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A just war occurs when a country has invaded the boundaries of another and the invaded country fights to protect itself and rid itself of the invaders. It may also be when the invaded country asks for help from an ally, that the ally fights against the invading country. Our involvement in South Korea in the 1950s would be an example.
The U.S. has not been invaded by a foreign country in recent times, yet we seem to wind up in some form of warfare quite often. The situation in Iraq would be an example, where no political sovereignty invited us to join in an invasion of that country. Yet seven years later we are still there. The U.S. government judged the Iraqi government to be an evil one, so the U.S. decided to overthrow that government. It can be argued that the invasion by us constituted an unjust war.
Countries go to war to expand their boundaries, control resources, or extend their influence. Perhaps they go to war for all three reasons, once the fog of rhetoric is lifted. Typcially the arugments, at least in the US, center around some underdog struggling under the heel of some oppressor -- and since we have the might, we ought to make right. So Mexicans are bothering Texans, so we go to war. So Spain is oppressing its Filipinos and Caribbeans, so we go to war. So the freedom loving democratic South Vietnamese are being subjegated by the godless communists of Red China, so we go to war.
However, when the British subjegated the colonies, we went to war. When they intercepted our merchant fleet we went to war again in 1812. When the South had had enough of the North they broke away in 1861. When Germany proposed aiding Mexico in 1917 to retake its territory lost to the US in 1846, again we went to war.
The only justifiable war is defensive -- the Revolution, War of 1812, the Confederate States of America. The justification for war diminishes the further a country sends its armed forces. Excepting the anomalies of both world wars, when you must invade wholesale or ship troops far from the homeland, you're on increasingly shaky ground, physically and morally.
I agree with the other two answers that it is hard to define a just war, but I believe that there are clearly wars that are unjust. By this I mean that there are wars that are entered into for unjust reasons.
To me, an unjust war is one entered into for no purpose other than to increase a country's power. I would argue that such wars as the Mexican-American War, the German actions to start WWI and WWII, and the Soviet invasion of Afghanistan were started for such unjust and selfish reasons.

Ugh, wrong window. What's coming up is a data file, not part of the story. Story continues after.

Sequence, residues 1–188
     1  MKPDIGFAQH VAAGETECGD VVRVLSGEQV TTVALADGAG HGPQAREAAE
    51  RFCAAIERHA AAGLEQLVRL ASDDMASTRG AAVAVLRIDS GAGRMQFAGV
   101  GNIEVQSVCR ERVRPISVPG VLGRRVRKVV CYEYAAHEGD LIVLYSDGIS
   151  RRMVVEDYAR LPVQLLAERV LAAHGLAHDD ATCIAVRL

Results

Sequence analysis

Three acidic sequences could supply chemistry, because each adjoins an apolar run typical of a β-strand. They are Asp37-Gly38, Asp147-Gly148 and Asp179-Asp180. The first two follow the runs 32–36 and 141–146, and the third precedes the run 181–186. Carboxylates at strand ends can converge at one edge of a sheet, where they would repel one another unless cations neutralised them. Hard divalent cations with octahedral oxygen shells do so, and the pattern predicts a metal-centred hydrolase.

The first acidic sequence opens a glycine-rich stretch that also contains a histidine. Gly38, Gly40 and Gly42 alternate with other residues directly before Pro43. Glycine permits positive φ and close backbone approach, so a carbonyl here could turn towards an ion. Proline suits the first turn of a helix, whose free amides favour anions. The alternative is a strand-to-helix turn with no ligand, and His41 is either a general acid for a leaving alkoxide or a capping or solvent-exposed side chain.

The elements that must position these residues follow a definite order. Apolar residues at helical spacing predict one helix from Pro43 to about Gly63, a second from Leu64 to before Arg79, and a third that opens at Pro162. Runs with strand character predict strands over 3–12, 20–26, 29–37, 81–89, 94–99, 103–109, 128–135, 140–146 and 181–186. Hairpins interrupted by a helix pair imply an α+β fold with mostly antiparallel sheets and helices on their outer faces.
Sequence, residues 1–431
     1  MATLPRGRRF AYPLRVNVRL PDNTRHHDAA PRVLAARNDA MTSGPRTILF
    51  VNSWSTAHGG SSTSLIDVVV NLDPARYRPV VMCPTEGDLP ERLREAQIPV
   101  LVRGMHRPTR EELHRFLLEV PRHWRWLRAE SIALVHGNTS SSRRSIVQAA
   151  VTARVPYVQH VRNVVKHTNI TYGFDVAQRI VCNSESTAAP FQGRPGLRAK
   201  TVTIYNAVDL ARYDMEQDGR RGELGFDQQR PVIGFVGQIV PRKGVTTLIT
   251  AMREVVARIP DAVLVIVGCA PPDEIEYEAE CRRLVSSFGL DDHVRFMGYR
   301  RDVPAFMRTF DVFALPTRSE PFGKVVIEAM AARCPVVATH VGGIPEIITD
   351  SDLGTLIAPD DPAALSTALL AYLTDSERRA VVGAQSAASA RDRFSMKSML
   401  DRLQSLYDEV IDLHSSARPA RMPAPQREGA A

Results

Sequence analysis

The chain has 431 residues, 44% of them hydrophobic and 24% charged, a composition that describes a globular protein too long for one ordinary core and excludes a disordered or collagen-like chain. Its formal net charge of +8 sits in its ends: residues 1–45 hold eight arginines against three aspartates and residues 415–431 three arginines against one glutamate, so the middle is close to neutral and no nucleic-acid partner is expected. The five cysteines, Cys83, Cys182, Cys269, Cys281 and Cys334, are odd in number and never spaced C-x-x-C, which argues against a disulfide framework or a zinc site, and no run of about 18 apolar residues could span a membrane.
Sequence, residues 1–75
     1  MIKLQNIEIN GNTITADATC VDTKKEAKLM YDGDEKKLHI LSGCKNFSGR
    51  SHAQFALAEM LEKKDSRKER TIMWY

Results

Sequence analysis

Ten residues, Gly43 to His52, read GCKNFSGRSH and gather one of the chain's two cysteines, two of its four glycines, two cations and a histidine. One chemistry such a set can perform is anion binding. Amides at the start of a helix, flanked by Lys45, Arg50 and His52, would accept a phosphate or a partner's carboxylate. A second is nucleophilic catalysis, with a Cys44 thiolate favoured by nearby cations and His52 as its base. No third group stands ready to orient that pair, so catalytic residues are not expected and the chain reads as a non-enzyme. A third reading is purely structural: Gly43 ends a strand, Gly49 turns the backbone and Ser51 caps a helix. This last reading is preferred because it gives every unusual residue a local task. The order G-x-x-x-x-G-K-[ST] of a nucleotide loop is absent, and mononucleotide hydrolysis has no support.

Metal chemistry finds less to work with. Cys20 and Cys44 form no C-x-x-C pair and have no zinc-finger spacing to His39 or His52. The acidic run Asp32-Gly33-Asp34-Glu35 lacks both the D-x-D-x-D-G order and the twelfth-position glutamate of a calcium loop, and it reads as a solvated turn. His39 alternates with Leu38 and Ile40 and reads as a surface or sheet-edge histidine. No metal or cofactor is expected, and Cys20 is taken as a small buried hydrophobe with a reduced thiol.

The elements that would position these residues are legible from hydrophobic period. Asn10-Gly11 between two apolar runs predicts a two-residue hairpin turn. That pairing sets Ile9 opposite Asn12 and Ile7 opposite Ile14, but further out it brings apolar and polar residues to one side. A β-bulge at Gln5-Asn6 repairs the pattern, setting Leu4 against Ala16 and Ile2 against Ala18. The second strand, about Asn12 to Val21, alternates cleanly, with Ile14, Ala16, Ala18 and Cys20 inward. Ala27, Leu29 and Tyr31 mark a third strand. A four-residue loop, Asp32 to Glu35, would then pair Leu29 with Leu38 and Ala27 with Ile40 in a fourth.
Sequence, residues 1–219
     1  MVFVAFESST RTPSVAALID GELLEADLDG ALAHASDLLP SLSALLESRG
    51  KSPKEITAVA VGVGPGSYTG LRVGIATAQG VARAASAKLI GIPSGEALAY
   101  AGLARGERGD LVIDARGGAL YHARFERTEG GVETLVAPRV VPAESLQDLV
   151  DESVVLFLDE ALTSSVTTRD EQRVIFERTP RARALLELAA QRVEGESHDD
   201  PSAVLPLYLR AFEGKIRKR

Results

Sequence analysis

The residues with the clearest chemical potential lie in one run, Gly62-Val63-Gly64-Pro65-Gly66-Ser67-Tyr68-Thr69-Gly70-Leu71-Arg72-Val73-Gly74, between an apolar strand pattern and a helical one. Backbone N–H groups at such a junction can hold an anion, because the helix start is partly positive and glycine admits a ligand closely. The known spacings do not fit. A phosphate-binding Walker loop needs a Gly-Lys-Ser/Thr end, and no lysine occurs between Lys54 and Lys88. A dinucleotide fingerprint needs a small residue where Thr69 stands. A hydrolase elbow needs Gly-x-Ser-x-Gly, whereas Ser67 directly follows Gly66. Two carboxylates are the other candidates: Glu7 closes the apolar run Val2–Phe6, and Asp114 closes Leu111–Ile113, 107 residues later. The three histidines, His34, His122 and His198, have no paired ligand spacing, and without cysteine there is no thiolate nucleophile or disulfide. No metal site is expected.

As for US wars, I would go with answer #1 -- the US tends to go to war for just reasons, but seems to do so rather unwisely. Vietnam, Iraq, Afghanistan -- all of these wars were undertaken for relatively unselfish reasons. But you could equally argue that all of them were undertaken in rather foolish ways.
To a great extent, all wars are declared as "just wars" by those who are waging them. I am not certain there has been a war declared in the United States, or any nation, which has been openly justified as "We are seeking to enhance our own wealth and solidify our own prestige." Having said that, there is a thought that believes that the people who wage wars are not the same people who fight them. With this, I feel awkward about outwardly judging any war that has been waged because the individuals who had to do the fighting in these wars, those who had to make the ultimate sacrifice in body and mind, were probably not consulted in the situation room about the war. This means, that these warriors could have believed in the just nature of the war that they were commissioned to fight. For example, many feel that the war in Vietnam was not just and was not fought for anything other than national greed or fear. Yet, it seems beyond insensitive and harsh to make such a statement in the face of the soldiers who fought and sacrificed in the name of this cause. Certainly, one could make the case that wars have a justification attached to them by leaders who wage them which pleads fairness, justice, and the restoration or establishment of structure and order. The rationale offered in these conflicts create the presence of a just war. The realities might be very different. Yet, in light of those who have to give their lives without any sense of consultation, I would say that these forces might be the walking proof of the attempts to justify an endeavor which, at its core, holds little in way of justification.
There are always minimum two parties involved in a war, and what is claimed to be just cause by one party to the war is considered to be highly unjust by the other.
There is no war in which all the parties of the war claiming their cause to be just, and that of opponents to be unjust. Thus it is difficult to to classify wars as just or unjust. I would prefer to qualify wars as wise or unwise. Just to illustrate, take the case of Azad Hind Fauj, an army raised by Netaji Subhash Chandra Bose for liberation of India from the British, joined hands with the Japanese and Germans during the World War II. The cause of Azad Hind Fauj, in my opinion was very much just, and many great Indian leaders, including people like Mahatma Gandhi, Jawaharlal Nehru, and Sardar Patel, espoused this cause. However, waging of war by Azad Hind Fauj to accomplish its objectives was, perhaps, unwise.
Coming to specific case of post World War II wars of USA in places like Vietnam, Afghanistan and Iraq, Even if we accept the objective of these wars to be just those noble ones as contained in many official communications, many of the actions taken do not appear to be very wise or that much in line with the publicly declared just causes.
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